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|Born||Mullah Mohammed Osman Balkhi|
|Died||1906 (aged 69–70)|
|Occupation||Poet, linguist, and Islamic scholar|
Mahwi (Kurdish: مەحوی Mehwî; full name: مەلا موحەمەد کوڕی عوسمان بەڵخی Mala Mohammed Osman Ballkhi) (1830-1906) was one of the most prominent classical Kurdish poets and sufis from Kurdistan of Iraq. He studied in Sablakh and Sanandaj in Iranian Kurdistan. He became a judge in the court of Slemani, in today's Iraq, in 1862, which was then part of the Ottoman Empire. He travelled to Istanbul and met Abdul-Hamid II in 1883. He established a khaneqah, an Islamic religious school and mosque, in Slemani and named it after an Ottoman emperor. In his poems, he mainly promotes sufism, but also deals with the human condition and existential problems, such as questions about the meaning of life.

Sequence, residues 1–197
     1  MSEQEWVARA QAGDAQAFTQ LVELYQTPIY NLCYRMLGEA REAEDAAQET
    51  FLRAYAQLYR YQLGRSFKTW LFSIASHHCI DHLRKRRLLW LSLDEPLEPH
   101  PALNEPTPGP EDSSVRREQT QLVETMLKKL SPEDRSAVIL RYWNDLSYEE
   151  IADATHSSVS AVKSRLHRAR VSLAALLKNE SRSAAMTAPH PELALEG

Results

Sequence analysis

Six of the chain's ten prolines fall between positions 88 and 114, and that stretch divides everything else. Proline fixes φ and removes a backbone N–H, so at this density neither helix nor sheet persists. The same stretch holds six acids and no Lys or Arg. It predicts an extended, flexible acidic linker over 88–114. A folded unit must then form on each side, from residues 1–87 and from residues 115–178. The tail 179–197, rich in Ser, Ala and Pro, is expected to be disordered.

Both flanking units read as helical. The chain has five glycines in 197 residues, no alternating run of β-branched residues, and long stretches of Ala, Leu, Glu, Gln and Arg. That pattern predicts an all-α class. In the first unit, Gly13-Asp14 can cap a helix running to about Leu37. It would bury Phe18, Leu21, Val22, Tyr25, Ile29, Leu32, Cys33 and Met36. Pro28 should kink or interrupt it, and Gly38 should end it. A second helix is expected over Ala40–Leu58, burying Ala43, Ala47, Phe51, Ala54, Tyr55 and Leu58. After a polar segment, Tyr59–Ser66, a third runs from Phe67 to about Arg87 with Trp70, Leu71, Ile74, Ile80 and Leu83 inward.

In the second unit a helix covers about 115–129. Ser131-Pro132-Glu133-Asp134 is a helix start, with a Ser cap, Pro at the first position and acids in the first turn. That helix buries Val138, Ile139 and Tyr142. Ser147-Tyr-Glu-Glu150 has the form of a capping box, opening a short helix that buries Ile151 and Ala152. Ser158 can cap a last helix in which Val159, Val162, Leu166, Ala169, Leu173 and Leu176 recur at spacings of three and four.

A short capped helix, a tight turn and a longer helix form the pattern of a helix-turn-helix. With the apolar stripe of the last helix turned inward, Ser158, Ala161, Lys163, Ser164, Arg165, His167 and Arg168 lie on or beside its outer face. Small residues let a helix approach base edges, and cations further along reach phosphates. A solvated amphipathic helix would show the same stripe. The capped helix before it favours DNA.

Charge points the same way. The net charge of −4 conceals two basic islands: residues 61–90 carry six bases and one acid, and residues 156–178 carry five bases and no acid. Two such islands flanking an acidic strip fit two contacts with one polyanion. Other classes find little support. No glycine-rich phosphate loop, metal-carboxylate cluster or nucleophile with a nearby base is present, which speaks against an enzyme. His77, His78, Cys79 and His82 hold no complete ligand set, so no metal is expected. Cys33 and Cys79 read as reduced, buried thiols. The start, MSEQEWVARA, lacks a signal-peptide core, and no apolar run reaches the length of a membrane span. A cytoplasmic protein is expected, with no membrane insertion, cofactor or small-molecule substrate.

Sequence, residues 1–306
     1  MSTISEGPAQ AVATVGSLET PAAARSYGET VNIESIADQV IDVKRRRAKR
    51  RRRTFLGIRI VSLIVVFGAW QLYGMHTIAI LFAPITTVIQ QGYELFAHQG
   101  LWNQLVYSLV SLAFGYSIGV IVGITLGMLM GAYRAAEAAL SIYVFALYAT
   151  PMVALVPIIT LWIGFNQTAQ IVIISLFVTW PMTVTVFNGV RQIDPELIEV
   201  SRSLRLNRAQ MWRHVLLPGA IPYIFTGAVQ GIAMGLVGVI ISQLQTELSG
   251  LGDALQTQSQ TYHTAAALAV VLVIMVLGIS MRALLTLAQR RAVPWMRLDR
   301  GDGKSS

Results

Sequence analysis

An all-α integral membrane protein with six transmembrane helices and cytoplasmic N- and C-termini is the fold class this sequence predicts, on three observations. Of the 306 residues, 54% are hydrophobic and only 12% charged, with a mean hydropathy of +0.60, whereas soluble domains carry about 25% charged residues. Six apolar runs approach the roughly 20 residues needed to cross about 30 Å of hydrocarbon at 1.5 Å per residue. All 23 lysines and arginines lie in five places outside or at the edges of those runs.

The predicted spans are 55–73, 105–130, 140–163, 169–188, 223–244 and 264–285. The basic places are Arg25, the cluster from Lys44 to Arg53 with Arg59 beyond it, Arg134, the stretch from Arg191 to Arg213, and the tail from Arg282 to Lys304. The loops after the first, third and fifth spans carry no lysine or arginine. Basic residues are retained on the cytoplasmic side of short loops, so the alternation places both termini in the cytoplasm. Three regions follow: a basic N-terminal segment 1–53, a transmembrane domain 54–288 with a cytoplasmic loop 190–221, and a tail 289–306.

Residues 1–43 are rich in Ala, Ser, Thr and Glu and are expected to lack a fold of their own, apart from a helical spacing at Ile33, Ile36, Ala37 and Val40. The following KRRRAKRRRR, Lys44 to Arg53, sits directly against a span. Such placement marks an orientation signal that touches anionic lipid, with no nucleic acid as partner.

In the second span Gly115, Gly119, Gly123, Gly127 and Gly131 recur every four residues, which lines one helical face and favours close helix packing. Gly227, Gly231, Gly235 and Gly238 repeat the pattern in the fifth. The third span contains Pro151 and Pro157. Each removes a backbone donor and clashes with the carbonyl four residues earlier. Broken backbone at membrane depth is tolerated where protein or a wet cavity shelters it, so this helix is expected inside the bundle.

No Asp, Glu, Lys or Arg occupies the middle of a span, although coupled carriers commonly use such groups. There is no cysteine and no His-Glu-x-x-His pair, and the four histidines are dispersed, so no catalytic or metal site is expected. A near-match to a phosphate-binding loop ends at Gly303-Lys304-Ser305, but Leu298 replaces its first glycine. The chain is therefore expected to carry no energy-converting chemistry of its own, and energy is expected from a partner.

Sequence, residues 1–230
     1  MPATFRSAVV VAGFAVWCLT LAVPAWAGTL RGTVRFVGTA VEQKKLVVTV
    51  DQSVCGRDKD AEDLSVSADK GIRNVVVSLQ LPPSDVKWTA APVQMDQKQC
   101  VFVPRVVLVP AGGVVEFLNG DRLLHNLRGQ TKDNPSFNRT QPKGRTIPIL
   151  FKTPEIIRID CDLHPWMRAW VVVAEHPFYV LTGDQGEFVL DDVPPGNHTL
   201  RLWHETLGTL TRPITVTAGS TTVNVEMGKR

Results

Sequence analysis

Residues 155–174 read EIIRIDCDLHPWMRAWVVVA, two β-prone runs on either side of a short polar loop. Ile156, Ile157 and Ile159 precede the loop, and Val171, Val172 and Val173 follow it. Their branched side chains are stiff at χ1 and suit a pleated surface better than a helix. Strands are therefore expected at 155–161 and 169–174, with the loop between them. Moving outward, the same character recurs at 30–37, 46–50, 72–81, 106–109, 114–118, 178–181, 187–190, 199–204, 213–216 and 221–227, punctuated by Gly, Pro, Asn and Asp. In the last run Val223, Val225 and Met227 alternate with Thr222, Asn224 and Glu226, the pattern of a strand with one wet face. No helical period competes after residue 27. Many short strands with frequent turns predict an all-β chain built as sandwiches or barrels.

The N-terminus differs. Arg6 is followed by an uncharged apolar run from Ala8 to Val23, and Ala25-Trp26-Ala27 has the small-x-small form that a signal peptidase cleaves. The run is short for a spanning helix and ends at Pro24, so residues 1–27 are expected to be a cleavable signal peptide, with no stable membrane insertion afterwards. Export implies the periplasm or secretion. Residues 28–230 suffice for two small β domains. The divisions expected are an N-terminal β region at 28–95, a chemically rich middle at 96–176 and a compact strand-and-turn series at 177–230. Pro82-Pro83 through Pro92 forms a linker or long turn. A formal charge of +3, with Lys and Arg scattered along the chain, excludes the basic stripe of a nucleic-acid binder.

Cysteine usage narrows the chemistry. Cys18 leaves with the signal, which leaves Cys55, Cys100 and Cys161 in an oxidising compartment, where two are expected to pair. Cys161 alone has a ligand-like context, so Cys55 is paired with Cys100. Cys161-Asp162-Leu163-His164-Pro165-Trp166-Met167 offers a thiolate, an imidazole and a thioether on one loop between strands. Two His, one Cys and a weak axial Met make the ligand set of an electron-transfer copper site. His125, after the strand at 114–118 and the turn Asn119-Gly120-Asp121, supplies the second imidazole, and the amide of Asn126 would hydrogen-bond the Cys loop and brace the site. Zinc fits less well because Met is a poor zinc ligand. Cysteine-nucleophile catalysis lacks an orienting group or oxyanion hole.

A collection of his poems has been published several times.
- Dîwanî Mehwî, Slemani, 1922.
- Dîwanî Mehwî, Edited by Jamal Muhammad Muhammad Amin, Serkewtin Publishers, Sulaimaniya, 1984.
- Dîwanî Mehwî, Edited and Analyised by Mala Abdolkarimi Modarres and Mohammed Mala Karim, Hissam Publishers, Baghdad, 1977 and 1984.
- A collection of essays on Mahwi's poems (in Kurdish)
- Classical Traditions and Modern Meanings, by Stephen Sperl. Last visit 19 November 2013.